BACKGROUND AND AIMS: It is not clear whether the metabolic syndrome (MetS) is a distinct entity or a combination of risk factors. Several studies showed the association between MetS and cardiovascular disease (CVD). Subclinical target organ damage (TOD) is a recognized marker of atherosclerosis and predictor of cardiovascular events. Increased burden of subclinical atherosclerosis was detected in individuals with MetS. We thus aimed to examine the association between MetS and cumulative or specific TOD and to assess whether MetS predicts TOD better than the risk factors included in current definitions. METHODS AND RESULTS: We recorded TOD in 979 patients at intermediate cardiovascular risk with and without MetS according to IDF and NCEP criteria. We measured common carotid intima-media thickness, left ventricular mass index (LVMI), urine albumin to creatinine ratio (UACR), and ankle-brachial index. We found no correlation between having at least one TOD and being positive for MetS. A high UACR was associated with MetS using both IDF and NCEP criteria, while only NCEP identified individuals with increased LVMI. Using a multivariate logistic regression model including MetS, age, sex, waist circumference, triglycerides, HDL cholesterol, blood pressure and blood glucose levels we found no correlations between the presence of MetS and at least one TOD. The associations with high UACR and LVMI disappeared when age, blood pressure and glycemia were counted in. CONCLUSION: Although MetS showed some relation with subclinical renal and cardiac damage, it does not predict TOD any better than the risk factors specified in the definitions.

Does the metabolic syndrome predict subclinical atherosclerotic damage in an asymptomatic population at intermediate cardiovascular risk? / L. Zocchi, F. Perego, F. Casella, M. Arquati, E. Renesto, G. Casazza, A. D'Ambrosio, M. Cortellaro. - In: NMCD. NUTRITION METABOLISM AND CARDIOVASCULAR DISEASES. - ISSN 0939-4753. - 23:9(2013), pp. 864-870. [Epub ahead of print] [10.1016/j.numecd.2012.06.003]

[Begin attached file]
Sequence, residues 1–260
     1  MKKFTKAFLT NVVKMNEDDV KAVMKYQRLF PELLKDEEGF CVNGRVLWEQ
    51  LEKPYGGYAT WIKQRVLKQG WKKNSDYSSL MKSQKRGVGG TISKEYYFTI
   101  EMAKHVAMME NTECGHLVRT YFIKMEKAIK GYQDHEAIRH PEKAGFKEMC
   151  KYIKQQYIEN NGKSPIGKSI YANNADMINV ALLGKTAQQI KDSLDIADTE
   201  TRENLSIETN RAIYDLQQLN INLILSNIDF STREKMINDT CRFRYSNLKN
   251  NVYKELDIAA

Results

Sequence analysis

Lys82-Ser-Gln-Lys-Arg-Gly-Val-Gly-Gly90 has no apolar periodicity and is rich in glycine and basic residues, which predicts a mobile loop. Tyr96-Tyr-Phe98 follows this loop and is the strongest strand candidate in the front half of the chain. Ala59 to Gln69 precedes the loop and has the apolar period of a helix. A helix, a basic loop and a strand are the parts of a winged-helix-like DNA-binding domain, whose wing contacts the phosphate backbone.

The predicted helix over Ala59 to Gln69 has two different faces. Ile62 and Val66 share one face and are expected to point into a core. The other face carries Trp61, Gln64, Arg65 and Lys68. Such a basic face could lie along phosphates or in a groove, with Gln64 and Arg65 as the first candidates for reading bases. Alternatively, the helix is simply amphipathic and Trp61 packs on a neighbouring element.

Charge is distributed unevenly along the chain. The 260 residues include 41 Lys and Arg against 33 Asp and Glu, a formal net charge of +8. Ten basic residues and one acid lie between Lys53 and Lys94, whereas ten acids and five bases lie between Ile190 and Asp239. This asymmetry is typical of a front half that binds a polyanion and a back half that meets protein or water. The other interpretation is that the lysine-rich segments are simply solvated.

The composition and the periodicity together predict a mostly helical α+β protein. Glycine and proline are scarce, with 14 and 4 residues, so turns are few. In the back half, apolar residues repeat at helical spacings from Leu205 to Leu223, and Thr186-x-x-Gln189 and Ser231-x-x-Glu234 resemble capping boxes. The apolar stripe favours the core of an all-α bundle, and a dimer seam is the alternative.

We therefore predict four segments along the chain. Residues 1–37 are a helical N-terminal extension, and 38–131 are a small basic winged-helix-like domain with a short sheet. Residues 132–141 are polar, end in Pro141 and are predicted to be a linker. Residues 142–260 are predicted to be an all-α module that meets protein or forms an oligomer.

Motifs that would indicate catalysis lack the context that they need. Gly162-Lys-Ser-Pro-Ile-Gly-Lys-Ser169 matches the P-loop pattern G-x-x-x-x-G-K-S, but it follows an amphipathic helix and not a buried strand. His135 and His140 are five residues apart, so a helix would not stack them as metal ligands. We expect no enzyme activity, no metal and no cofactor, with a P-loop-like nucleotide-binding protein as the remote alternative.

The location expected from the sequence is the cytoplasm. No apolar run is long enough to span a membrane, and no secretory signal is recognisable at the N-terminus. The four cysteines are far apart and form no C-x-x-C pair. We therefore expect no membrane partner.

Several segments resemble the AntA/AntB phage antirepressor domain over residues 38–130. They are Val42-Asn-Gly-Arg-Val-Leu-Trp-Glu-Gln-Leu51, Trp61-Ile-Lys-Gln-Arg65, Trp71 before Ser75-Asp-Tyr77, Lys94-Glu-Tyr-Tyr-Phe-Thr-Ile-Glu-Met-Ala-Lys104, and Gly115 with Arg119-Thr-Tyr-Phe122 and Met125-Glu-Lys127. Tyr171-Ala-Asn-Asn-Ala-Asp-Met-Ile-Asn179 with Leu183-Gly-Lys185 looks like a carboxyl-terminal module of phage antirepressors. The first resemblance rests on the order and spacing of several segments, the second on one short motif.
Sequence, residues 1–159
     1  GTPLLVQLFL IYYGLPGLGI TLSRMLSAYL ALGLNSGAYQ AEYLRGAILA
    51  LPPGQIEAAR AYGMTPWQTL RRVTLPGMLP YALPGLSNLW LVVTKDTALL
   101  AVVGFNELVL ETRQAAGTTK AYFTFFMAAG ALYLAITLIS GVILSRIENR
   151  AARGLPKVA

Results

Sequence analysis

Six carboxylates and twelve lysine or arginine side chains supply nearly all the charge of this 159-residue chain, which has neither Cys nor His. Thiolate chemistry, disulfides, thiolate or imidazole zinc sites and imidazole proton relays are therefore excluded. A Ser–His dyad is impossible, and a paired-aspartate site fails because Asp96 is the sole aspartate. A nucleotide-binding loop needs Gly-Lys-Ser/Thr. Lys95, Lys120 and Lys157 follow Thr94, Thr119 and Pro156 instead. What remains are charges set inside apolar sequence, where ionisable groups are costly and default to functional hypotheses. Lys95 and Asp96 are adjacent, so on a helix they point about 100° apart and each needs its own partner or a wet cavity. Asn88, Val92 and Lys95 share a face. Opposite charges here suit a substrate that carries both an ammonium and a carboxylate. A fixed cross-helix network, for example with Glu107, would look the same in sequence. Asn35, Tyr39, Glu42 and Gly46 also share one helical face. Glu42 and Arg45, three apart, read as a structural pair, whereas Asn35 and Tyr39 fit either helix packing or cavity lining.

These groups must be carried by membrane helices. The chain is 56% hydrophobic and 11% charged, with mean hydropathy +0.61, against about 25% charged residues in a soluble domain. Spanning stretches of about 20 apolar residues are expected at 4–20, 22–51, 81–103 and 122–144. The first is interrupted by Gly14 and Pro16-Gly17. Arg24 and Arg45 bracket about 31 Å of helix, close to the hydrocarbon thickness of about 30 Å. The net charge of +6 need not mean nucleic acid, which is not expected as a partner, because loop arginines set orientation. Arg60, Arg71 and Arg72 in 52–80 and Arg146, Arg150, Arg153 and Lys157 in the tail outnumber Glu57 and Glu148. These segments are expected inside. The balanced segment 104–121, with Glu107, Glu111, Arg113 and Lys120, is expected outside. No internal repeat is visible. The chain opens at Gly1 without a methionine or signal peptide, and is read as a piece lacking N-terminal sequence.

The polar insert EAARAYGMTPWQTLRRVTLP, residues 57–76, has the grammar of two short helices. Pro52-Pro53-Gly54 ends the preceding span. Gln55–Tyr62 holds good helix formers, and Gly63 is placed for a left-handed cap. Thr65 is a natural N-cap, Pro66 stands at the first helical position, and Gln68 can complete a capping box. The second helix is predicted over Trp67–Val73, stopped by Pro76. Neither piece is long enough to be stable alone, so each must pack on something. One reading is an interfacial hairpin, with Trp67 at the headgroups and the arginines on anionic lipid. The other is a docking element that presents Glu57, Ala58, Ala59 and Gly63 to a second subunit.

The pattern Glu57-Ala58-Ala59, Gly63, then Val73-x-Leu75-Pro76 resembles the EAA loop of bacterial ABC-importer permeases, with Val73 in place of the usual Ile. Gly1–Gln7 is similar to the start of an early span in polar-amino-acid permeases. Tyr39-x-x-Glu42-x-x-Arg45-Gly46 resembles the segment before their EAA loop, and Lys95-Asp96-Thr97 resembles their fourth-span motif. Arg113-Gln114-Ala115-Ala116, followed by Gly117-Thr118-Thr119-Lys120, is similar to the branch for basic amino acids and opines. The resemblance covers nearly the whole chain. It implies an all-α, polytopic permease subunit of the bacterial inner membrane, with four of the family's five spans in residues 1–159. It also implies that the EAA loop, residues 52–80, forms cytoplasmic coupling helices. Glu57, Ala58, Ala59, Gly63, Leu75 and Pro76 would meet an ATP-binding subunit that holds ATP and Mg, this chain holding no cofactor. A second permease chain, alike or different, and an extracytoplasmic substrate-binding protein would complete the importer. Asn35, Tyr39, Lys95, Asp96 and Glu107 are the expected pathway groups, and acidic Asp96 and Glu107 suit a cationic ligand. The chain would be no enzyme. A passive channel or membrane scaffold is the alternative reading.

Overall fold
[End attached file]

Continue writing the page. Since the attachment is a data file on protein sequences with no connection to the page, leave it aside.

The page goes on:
Does the metabolic syndrome predict subclinical atherosclerotic damage in an asymptomatic population at intermediate cardiovascular risk?

G. Casazza;M. Cortellaro
2013

Abstract

BACKGROUND AND AIMS: It is not clear whether the metabolic syndrome (MetS) is a distinct entity or a combination of risk factors. Several studies showed the association between MetS and cardiovascular disease (CVD). Subclinical target organ damage (TOD) is a recognized marker of atherosclerosis and predictor of cardiovascular events. Increased burden of subclinical atherosclerosis was detected in individuals with MetS. We thus aimed to examine the association between MetS and cumulative or specific TOD and to assess whether MetS predicts TOD better than the risk factors included in current definitions. METHODS AND RESULTS: We recorded TOD in 979 patients at intermediate cardiovascular risk with and without MetS according to IDF and NCEP criteria. We measured common carotid intima-media thickness, left ventricular mass index (LVMI), urine albumin to creatinine ratio (UACR), and ankle-brachial index. We found no correlation between having at least one TOD and being positive for MetS. A high UACR was associated with MetS using both IDF and NCEP criteria, while only NCEP identified individuals with increased LVMI. Using a multivariate logistic regression model including MetS, age, sex, waist circumference, triglycerides, HDL cholesterol, blood pressure and blood glucose levels we found no correlations between the presence of MetS and at least one TOD. The associations with high UACR and LVMI disappeared when age, blood pressure and glycemia were counted in. CONCLUSION: Although MetS showed some relation with subclinical renal and cardiac damage, it does not predict TOD any better than the risk factors specified in the definitions.
Albuminuria; Atherosclerosis; Cardiovascular diseases; Carotid artery diseases; Left ventricular hypertrophy; Metabolic syndrome X; Peripheral arterial disease; Risk factors
Settore MED/01 - Statistica Medica
NMCD. NUTRITION METABOLISM AND CARDIOVASCULAR DISEASES
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Utilizza questo identificativo per citare o creare un link a questo documento: http://hdl.handle.net/2434/207765
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